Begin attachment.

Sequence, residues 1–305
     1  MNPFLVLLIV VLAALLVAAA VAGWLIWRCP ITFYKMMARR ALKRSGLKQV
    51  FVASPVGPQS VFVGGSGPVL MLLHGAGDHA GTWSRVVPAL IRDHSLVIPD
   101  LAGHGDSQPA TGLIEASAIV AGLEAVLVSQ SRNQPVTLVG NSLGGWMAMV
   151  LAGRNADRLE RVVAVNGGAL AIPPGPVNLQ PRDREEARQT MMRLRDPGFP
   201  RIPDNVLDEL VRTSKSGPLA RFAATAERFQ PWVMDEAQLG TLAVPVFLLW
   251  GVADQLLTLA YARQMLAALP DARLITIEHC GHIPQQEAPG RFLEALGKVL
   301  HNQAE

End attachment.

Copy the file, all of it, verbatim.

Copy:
Sequence, residues 1–305
     1  MNPFLVLLIV VLAALLVAAA VAGWLIWRCP ITFYKMMARR ALKRSGLKQV
    51  FVASPVGPQS VFVGGSGPVL MLLHGAGDHA GTWSRVVPAL IRDHSLVIPD
   101  LAGHGDSQPA TGLIEASAIV AGLEAVLVSQ SRNQPVTLVG NSLGGWMAMV
   151  LAGRNADRLE RVVAVNGGAL AIPPGPVNLQ PRDREEARQT MMRLRDPGFP
   201  RIPDNVLDEL VRTSKSGPLA RFAATAERFQ PWVMDEAQLG TLAVPVFLLW
   251  GVADQLLTLA YARQMLAALP DARLITIEHC GHIPQQEAPG RFLEALGKVL
   301  HNQAE